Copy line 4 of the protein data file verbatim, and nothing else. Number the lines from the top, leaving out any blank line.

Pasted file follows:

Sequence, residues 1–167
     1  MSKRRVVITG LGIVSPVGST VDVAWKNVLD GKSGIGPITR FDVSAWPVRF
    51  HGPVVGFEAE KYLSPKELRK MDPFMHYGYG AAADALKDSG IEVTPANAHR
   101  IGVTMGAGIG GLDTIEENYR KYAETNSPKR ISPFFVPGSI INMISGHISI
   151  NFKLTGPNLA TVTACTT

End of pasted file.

   101  IGVTMGAGIG GLDTIEENYR KYAETNSPKR ISPFFVPGSI INMISGHISI